But mark also, precisely while the Prussian batteries were playing their briskest at Longwi in the North–East, and our dastardly Lavergne saw nothing for it but surrender,—south-westward, in remote, patriarchal La Vendee, that sour ferment about Nonjuring Priests, after long working, is ripe, and explodes: at the wrong moment for us! And so we have ‘eight thousand Peasants at Chatillon-sur-Sevre,’ who will not be ballotted for soldiers; will not have their Curates molested. To whom Bonchamps, Laroche-jaquelins, and Seigneurs enough, of a Royalist turn, will join themselves; with Stofflets and Charettes; with Heroes and Chouan Smugglers; and the loyal warmth of a simple people, blown into flame and fury by theological and seignorial bellows! So that there shall be fighting from behind ditches, death-volleys bursting out of thickets and ravines of rivers; huts burning, feet of the pitiful women hurrying to refuge with their children on their back; seedfields fallow, whitened with human bones;—‘eighty thousand, of all ages, ranks, sexes, flying at once across the Loire,’ with wail borne far on the winds: and, in brief, for years coming, such a suite of scenes as glorious war has not offered in these late ages, not since our Albigenses and Crusadings were over,—save indeed some chance Palatinate, or so, we might have to ‘burn,’ by way of exception. The ‘eight thousand at Chatillon’ will be got dispelled for the moment; the fire scattered, not extinguished. To the dints and bruises of outward battle there is to be added henceforth a deadlier internal gangrene.
This rising in La Vendee reports itself at Paris on Wednesday the 29th of August;—just as we had got our Electors elected; and, in spite of Brunswick’s and Longwi’s teeth, were hoping still to have a National Convention, if it pleased Heaven. But indeed, otherwise, this Wednesday is to be regarded as one of the notablest Paris had yet seen: gloomy tidings come successively, like Job’s messengers; are met by gloomy answers. Of Sardinia rising to invade the South–East, and Spain threatening the South, we do not speak. But are not the Prussians masters of Longwi (treacherously yielded, one would say); and preparing to besiege Verdun? Clairfait and his Austrians are encompassing Thionville; darkening the North. Not Metz-land now, but the Clermontais is getting harried; flying hulans and huzzars have been seen on the Chalons Road, almost as far as Sainte–Menehould. Heart, ye Patriots, if ye lose heart, ye lose all!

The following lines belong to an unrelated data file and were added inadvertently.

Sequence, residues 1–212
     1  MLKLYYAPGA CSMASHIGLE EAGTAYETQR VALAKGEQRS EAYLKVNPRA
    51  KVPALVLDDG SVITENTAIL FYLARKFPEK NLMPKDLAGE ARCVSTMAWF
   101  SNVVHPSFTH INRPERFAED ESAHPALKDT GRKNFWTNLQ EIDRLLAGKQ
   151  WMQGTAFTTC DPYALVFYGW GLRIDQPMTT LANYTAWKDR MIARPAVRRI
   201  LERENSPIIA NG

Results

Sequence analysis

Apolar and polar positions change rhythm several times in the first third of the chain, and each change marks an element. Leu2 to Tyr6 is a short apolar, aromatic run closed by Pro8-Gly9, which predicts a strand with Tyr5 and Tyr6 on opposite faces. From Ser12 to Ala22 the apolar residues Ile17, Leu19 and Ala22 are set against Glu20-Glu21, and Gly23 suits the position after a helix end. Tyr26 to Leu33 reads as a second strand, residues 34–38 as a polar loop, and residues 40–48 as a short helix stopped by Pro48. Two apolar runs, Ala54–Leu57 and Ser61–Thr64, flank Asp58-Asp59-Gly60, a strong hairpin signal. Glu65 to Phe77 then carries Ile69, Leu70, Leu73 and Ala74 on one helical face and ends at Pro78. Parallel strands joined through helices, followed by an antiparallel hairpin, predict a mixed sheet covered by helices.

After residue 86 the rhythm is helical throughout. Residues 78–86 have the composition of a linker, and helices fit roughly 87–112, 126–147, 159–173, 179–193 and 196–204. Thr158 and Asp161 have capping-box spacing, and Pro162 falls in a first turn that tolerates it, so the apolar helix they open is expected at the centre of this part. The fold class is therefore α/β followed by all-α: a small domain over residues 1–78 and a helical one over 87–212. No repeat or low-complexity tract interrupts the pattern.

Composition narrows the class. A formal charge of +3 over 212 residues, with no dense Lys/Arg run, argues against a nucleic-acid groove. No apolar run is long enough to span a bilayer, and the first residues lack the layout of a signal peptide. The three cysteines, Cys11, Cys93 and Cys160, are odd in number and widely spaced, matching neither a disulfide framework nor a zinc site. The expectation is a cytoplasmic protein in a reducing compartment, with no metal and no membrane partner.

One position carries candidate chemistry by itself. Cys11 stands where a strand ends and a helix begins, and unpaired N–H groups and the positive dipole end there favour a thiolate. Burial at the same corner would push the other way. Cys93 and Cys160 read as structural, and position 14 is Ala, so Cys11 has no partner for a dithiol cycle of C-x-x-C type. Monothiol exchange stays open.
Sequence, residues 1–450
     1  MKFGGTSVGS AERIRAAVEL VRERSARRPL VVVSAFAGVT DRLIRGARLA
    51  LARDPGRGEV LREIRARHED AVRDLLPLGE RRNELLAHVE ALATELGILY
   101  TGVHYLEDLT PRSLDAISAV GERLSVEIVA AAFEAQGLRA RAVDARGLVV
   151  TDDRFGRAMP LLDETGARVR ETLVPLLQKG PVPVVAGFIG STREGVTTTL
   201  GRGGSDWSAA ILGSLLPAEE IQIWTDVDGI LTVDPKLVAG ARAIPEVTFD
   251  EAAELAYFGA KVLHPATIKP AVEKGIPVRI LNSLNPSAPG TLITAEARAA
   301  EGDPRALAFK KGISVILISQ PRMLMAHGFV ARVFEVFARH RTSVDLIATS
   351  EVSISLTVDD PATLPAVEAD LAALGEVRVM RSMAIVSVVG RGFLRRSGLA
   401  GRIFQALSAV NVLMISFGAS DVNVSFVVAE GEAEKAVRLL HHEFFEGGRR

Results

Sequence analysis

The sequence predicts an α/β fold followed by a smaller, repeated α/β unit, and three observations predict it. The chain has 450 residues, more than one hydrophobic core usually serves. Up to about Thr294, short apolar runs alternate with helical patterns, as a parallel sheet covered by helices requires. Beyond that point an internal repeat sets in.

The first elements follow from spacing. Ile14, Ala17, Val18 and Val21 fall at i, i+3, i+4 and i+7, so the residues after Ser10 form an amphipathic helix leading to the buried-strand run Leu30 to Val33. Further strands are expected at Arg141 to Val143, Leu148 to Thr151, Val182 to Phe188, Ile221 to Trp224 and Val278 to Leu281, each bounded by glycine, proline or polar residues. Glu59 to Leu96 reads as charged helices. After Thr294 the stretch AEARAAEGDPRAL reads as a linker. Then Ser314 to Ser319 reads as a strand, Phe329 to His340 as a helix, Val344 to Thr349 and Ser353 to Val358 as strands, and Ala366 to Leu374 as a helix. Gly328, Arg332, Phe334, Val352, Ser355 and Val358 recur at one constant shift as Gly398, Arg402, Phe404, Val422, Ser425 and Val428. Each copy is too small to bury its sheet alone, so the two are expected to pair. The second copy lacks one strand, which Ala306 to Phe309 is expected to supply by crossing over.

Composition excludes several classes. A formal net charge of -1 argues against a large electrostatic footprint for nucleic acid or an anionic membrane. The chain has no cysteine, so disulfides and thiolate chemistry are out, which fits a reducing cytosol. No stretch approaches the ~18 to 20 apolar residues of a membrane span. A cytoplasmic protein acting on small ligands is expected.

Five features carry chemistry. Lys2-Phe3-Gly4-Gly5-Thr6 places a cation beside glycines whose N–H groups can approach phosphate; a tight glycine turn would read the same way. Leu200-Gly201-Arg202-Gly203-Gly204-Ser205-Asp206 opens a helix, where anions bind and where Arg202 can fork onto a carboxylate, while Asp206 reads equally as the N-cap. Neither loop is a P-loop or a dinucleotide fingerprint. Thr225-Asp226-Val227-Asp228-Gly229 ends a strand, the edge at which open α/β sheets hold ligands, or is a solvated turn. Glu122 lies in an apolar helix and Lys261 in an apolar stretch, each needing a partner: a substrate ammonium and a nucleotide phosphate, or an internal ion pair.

It is not without a dramatic emotion that one reads in the Parliamentary Debates of this Wednesday evening ‘past seven o’clock,’ the scene with the military fugitives from Longwi. Wayworn, dusty, disheartened, these poor men enter the Legislative, about sunset or after; give the most pathetic detail of the frightful pass they were in:— Prussians billowing round by the myriad, volcanically spouting fire for fifteen hours: we, scattered sparse on the ramparts, hardly a cannoneer to two guns; our dastard Commandant Lavergne no where shewing face; the priming would not catch; there was no powder in the bombs,—what could we do? “Mourir! Die!” answer prompt voices; (Hist. Parl. xvii. 148.) and the dusty fugitives must shrink elsewhither for comfort.—Yes, Mourir, that is now the word. Be Longwi a proverb and a hissing among French strong-places: let it (says the Legislative) be obliterated rather, from the shamed face of the Earth;—and so there has gone forth Decree, that Longwi shall, were the Prussians once out of it, ‘be rased,’ and exist only as ploughed ground.
Nor are the Jacobins milder; as how could they, the flower of Patriotism? Poor Dame Lavergne, wife of the poor Commandant, took her parasol one evening, and escorted by her Father came over to the Hall of the mighty Mother; and ‘reads a memoir tending to justify the Commandant of Longwi.’ Lafarge, President, makes answer: “Citoyenne, the Nation will judge Lavergne; the Jacobins are bound to tell him the truth. He would have ended his course there (termine sa carriere), if he had loved the honour of his country.” (Ibid. xix. 300.)